We’re almost in 2016. It makes me so angry as I look around at the world I live in. I look at my Middle Eastern friends and hear the stories of the racism they face and their concern for their families in Jordan, Palestine, and Syria. I look at my friends raised in poverty and listen to their stories of ignorant comments calling them lazy and worthless. I cheered with my LGBT friends when gay marriage was legalized earlier this year, and cringe when I see the rampant homophobia still trolling my facebook page.

Who ARE we, humanity? Why do we hate so much? Why are we so afraid of things that are different from what we know? Living is hard enough, why do we have to make it harder?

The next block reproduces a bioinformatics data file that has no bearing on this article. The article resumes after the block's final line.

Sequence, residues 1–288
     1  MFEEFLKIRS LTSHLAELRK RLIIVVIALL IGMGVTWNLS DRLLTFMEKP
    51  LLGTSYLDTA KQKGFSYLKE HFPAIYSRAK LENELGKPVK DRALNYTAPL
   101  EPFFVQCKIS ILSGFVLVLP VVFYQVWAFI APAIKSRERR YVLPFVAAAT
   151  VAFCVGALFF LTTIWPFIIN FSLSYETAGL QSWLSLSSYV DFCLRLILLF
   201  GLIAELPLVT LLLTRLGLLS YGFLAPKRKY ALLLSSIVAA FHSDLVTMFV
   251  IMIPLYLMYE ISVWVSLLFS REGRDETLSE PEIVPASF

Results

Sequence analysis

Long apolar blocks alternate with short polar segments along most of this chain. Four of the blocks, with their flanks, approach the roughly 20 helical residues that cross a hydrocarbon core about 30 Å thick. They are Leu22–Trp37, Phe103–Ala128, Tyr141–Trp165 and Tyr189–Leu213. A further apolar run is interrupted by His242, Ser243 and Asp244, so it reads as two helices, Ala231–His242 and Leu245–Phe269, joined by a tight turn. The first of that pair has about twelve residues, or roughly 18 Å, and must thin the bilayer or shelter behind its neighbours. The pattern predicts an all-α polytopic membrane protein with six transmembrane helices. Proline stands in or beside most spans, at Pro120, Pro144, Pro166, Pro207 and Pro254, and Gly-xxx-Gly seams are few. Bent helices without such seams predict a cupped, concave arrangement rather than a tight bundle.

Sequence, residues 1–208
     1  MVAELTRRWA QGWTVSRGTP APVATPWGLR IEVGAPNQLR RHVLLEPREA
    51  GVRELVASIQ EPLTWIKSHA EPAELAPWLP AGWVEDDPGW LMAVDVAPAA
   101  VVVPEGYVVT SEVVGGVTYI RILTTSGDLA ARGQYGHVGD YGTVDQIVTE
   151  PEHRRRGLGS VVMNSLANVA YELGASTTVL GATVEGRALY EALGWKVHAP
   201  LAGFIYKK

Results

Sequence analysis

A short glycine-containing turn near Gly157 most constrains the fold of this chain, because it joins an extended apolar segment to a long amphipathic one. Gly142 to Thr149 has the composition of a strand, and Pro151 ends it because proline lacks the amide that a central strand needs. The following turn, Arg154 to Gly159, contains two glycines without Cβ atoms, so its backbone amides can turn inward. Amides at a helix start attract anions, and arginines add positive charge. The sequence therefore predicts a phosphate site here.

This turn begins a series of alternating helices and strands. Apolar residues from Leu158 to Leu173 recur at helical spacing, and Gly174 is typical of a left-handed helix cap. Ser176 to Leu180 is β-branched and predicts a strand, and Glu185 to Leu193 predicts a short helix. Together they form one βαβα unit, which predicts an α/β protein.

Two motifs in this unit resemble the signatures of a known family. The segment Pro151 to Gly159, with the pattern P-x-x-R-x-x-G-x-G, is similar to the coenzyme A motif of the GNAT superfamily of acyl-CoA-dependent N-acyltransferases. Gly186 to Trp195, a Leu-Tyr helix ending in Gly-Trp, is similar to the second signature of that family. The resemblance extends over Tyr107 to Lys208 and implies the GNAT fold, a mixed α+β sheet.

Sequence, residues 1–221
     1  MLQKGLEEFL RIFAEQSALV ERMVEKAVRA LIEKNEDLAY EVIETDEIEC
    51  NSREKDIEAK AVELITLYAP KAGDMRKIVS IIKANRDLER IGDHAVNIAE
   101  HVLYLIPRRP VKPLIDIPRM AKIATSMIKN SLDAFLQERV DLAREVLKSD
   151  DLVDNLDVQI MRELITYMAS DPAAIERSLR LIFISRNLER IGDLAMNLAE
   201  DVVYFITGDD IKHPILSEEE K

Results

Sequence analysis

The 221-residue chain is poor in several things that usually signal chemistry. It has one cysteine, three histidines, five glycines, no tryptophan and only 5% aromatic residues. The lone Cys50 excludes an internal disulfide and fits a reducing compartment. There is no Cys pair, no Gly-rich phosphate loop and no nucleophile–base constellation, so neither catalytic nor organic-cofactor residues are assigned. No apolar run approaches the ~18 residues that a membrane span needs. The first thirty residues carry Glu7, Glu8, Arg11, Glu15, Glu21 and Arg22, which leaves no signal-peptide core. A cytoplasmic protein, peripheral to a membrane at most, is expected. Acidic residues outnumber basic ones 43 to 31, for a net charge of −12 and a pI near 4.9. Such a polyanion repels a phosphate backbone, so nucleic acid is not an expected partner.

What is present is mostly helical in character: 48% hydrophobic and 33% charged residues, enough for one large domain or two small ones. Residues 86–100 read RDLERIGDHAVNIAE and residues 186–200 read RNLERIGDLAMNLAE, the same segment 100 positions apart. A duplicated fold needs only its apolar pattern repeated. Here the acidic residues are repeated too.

I just want to issue a challenge that was given to me a few weeks ago. I challenge you, all three readers, to give a good hard look at your motivations. Why do you do what you do? What are you thinking about – and why? What does your future look like, and is that how you want it to be?

Think about it.

Wrestle with it.

And maybe we can turn 2016 around.

(And seriously, vote.)

Posted in Changes, Love, Stories, Travel, Wishes

please, don’t try to impress me

Online dating allows you to meet people outside of your usual social circle. I was curious about the apps that had developed since the last time I was single, so I jumped into the world of swiping right to explore the city and see if I could figure out what qualities were important to me.

The answer? Don’t try to impress me.

I met some interesting folks via Tinder and OkCupid. There was a professional skydiver, a comedian, a civil rights lawyer, and a pilot to name a few. And to be perfectly frank, I was bored to tears.